By Dario Balca

This month, John ApSimon will retire after more than 50 years at Carleton and the university recognized him today for his myriad contributions as a popular educator, top administrator and innovative fundraiser.

“I was humbled and delighted,” said the affable ApSimon. “I don’t think about awards, so it came as a surprise. I’m very proud of this university so, it really is a signal honour to be recognized that way.”

The Founders Award is Carleton’s highest non-academic honour. It is given to people who have made significant contributions to the university’s progress.

In ApSimon’s 52 years at the school, there seems to have been no shortage of those.

He began working at Carleton as a chemistry professor in 1962 after receiving his BA and PhD from the University of Liverpool.

During his time at Carleton, ApSimon has held numerous positions on the academic and administrative sides of the university. These include chair of the Department of Chemistry, dean of Graduate Studies, vice-president ((Research), and vice-president (Academic). ApSimon has been the school’s director of Corporate Relations since 2011.

“One of the highlights of my career was the students I worked with,” he said. “I basically got out of teaching in the ‘90s, but I find a real passion for that.”

Another highlight, says ApSimon, was in the 1990s, when former president Richard Van Loon asked him to oversee academics. At a time when Carleton was experiencing financial troubles and a decline in enrolment, ApSimon headed the Steps to Renewal program, which played an important role in improving those trends.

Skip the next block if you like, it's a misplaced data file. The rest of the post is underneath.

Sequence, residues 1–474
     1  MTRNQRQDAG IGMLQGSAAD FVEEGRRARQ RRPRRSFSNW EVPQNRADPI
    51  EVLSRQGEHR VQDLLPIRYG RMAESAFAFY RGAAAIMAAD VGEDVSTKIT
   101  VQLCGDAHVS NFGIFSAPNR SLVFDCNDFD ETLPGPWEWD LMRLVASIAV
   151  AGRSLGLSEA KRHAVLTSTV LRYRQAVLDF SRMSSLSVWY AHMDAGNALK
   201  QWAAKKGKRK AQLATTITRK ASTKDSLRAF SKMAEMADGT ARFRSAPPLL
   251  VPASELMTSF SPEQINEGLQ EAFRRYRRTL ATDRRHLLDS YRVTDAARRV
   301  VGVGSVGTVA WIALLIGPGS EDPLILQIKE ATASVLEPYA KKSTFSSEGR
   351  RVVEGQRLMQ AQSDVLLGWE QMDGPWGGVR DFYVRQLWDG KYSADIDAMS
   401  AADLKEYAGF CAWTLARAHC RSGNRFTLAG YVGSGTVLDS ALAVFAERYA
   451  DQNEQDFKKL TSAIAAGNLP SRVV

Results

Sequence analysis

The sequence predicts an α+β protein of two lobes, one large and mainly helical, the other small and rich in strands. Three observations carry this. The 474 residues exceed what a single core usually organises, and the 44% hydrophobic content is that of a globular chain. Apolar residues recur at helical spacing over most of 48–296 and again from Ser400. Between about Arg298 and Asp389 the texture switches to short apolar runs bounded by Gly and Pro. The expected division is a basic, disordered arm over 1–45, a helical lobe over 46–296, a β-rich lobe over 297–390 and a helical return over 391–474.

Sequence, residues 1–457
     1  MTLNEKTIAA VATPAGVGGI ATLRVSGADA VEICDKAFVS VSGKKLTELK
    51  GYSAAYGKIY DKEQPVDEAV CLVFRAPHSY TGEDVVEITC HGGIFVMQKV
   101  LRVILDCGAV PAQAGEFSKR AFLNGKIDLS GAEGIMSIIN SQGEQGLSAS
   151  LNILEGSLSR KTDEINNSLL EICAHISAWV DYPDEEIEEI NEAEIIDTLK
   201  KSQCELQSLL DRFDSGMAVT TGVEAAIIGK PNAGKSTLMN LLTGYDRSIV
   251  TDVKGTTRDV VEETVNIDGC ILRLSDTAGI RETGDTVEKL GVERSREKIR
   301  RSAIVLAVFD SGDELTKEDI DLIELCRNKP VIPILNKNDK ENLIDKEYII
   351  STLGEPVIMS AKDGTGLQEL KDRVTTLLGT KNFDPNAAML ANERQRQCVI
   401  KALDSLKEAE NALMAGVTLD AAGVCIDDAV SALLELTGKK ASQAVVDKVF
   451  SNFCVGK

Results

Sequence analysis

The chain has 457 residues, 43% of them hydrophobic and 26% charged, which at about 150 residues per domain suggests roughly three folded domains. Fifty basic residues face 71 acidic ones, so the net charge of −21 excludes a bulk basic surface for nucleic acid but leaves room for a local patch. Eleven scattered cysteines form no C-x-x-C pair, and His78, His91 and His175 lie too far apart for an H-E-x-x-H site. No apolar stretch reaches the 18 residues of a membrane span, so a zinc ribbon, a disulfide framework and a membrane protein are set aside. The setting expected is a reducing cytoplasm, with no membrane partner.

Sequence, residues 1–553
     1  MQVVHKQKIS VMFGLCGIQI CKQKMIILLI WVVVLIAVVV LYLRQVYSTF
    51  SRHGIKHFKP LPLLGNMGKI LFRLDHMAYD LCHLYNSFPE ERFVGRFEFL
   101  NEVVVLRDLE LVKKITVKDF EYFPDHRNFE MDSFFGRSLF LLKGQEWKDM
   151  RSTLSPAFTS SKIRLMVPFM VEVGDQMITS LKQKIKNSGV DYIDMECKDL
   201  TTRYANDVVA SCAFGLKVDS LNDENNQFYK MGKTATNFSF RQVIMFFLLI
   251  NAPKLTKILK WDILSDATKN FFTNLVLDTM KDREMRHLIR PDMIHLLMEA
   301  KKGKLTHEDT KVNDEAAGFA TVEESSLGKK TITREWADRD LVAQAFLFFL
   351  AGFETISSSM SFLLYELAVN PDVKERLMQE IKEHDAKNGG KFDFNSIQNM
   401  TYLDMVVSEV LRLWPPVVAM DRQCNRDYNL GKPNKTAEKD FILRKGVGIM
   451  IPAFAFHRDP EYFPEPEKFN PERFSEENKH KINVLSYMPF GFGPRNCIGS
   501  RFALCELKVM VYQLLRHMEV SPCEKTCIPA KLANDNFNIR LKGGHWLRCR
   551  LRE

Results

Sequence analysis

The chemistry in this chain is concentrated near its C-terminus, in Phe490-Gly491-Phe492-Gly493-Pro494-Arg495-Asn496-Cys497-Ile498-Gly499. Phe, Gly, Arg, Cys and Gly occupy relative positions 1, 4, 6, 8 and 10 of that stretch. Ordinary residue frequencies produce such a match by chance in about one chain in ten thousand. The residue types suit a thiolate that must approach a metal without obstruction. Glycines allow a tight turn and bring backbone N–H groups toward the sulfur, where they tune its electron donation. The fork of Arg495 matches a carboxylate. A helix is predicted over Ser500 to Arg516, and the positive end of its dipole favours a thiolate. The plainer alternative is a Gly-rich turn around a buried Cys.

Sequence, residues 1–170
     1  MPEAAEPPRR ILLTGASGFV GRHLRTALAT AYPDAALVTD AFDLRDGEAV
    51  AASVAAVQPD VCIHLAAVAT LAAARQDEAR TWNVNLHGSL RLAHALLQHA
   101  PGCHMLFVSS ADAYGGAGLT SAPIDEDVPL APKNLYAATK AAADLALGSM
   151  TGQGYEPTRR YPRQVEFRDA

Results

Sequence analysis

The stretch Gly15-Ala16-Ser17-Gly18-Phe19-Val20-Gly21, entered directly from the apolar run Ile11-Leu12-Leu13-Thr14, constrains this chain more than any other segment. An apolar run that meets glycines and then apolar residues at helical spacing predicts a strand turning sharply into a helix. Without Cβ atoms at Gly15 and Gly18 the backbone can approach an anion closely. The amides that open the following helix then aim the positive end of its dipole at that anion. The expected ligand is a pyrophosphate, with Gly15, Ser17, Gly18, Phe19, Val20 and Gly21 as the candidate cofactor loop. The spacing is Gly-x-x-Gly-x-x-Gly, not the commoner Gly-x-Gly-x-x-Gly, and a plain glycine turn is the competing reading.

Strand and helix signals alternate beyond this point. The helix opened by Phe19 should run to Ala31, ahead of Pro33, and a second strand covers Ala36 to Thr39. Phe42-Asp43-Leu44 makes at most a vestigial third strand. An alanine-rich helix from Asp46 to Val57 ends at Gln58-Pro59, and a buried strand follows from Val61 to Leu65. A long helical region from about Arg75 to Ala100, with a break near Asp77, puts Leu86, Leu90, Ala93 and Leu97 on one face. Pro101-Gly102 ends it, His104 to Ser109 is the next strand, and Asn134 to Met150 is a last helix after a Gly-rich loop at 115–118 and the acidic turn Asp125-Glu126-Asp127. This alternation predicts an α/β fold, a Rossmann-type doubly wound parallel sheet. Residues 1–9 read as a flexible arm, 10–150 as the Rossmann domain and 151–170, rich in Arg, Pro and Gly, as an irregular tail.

More recently, the 79-year-old has been heavily involved in fundraising and making Carleton the hub for Big Data, an emerging field of integrated data study, management and application.

Despite his love for teaching, ApSimon said working in the administration where he could spread ideas and affect change across the entire university is what motivated him the most.

“I’ve always liked administration from an innovation point of view. What I’ve really been interested in is what you might call change management that is enabled by projects—that seems to be my shtick.”

Change, said ApSimon, has only been possible because of Carleton’s progressive attitude.

“It’s a nimble university,” he said. “If you want to pursue some initiative that’s going to improve the place or give it a new direction, I think it’s always been relatively easy to do that.”

For ApSimon, retirement from his full-time job at Carleton doesn’t mean he’ll stop working altogether. He said he’ll stay open to whatever short-term projects come along.

“I won’t retire completely because I’ll go out of my skull,” he said.

“I think the best part is having been part of the success of Carleton University, without looking back at individual things. Carleton is a lovely institution, a great institution, and I’m proud to have been part of its development.”

Tuesday, June 10, 2014 in
Share: Twitter, Facebook